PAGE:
Six candidates vie for Neighborhood Advisory Council’s Midtown seat

Some of the candidates vying to represent neighborhoods on the city’s Neighborhood Advisory Council addressed a candidates’ forum on Saturday, Sept. 8.

At a candidates’ forum for the Kansas City Neighborhood Advisory Council on Saturday, candidates discussed their ideas for representing neighborhoods at the city level.  The Neighborhood Advisory Council is divided into six regions and includes two members from each region and three at-large members. Council members are expected to attend monthly meetings, meet with neighborhood groups in their region and participate in public hearings and forums to offer feedback on neighborhood issues.

According to the council’s Carol Winterowd, “The advisory council is not always listened to at City Hall, but we want to make sure the city is aware of our concerns.” The advisory council is attempting to become more active this year, spending time observing activity at City Hall and also assisting neighborhoods in having input into the city budget.

Most of Midtown falls within the the Central West district, which  runs from State Line to Prospect Avenue, from the Missouri River to Gregory Boulevard. Six candidates are seeking to represent the area on the advisory council.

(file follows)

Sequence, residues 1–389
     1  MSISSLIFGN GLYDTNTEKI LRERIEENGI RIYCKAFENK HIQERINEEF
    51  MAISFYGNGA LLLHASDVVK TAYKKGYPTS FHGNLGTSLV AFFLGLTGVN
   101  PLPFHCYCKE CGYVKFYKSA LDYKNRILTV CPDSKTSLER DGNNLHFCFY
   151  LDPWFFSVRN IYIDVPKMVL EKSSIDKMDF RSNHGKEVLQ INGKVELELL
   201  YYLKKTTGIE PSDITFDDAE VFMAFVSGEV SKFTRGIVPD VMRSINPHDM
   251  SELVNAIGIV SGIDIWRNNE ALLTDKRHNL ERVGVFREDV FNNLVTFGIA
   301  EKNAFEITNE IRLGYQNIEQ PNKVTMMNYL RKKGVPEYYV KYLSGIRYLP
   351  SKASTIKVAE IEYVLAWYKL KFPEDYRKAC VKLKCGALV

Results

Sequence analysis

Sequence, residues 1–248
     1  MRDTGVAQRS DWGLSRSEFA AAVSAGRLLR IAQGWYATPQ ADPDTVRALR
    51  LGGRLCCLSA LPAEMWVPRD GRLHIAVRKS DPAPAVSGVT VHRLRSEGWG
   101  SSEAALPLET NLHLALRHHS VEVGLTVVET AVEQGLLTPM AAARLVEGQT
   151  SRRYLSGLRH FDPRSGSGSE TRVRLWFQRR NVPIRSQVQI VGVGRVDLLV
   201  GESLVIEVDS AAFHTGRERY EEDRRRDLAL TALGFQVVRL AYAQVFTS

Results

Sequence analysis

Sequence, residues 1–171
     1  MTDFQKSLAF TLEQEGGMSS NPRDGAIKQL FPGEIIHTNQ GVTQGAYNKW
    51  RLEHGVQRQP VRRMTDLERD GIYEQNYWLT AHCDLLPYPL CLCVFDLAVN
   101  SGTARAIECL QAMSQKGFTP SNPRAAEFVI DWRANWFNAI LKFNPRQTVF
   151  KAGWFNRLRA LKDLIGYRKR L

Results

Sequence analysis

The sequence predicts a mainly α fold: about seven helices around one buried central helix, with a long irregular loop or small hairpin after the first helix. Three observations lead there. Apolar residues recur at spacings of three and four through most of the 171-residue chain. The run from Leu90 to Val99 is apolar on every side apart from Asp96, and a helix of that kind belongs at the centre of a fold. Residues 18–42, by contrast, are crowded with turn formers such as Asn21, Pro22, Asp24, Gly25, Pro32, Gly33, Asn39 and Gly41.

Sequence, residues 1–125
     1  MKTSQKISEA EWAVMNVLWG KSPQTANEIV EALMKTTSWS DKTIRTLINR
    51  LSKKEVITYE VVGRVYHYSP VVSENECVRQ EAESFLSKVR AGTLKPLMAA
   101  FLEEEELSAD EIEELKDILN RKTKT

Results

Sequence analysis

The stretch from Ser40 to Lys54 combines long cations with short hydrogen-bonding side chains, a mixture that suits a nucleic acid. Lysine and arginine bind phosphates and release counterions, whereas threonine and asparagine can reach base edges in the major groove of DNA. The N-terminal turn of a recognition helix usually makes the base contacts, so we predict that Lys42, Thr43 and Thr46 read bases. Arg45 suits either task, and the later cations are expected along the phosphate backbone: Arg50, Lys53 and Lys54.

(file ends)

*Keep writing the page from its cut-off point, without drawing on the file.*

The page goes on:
The declared Central West district candidates include:

  • Jennifer Atterbury
  • Jared Campbell
  • Nina Whiteside-McCord
  • Nikkole Test
  • Christopher Zaroor
  • Anne McGregor

The Central West district has two representatives; Allan Norman has another year to serve in his two-year term.

At the forum on Saturday at the Hillcrest Community Center, candidates were asked to rate the top issues facing Kansas City neighborhoods. Their answers (ranked by the number of mentions) included:

  1. Crime and the perception that neighborhoods are unsafe
  2. Housing and property maintenance
  3. Trash
  4. Infrastructure and blight
  5. A tie between: getting the attention of City Hall; education and schools; lack of coordinated planning; communication and involvement
The city sends ballots to all registered neighborhood so that they can vote for their advisory committee representatives.

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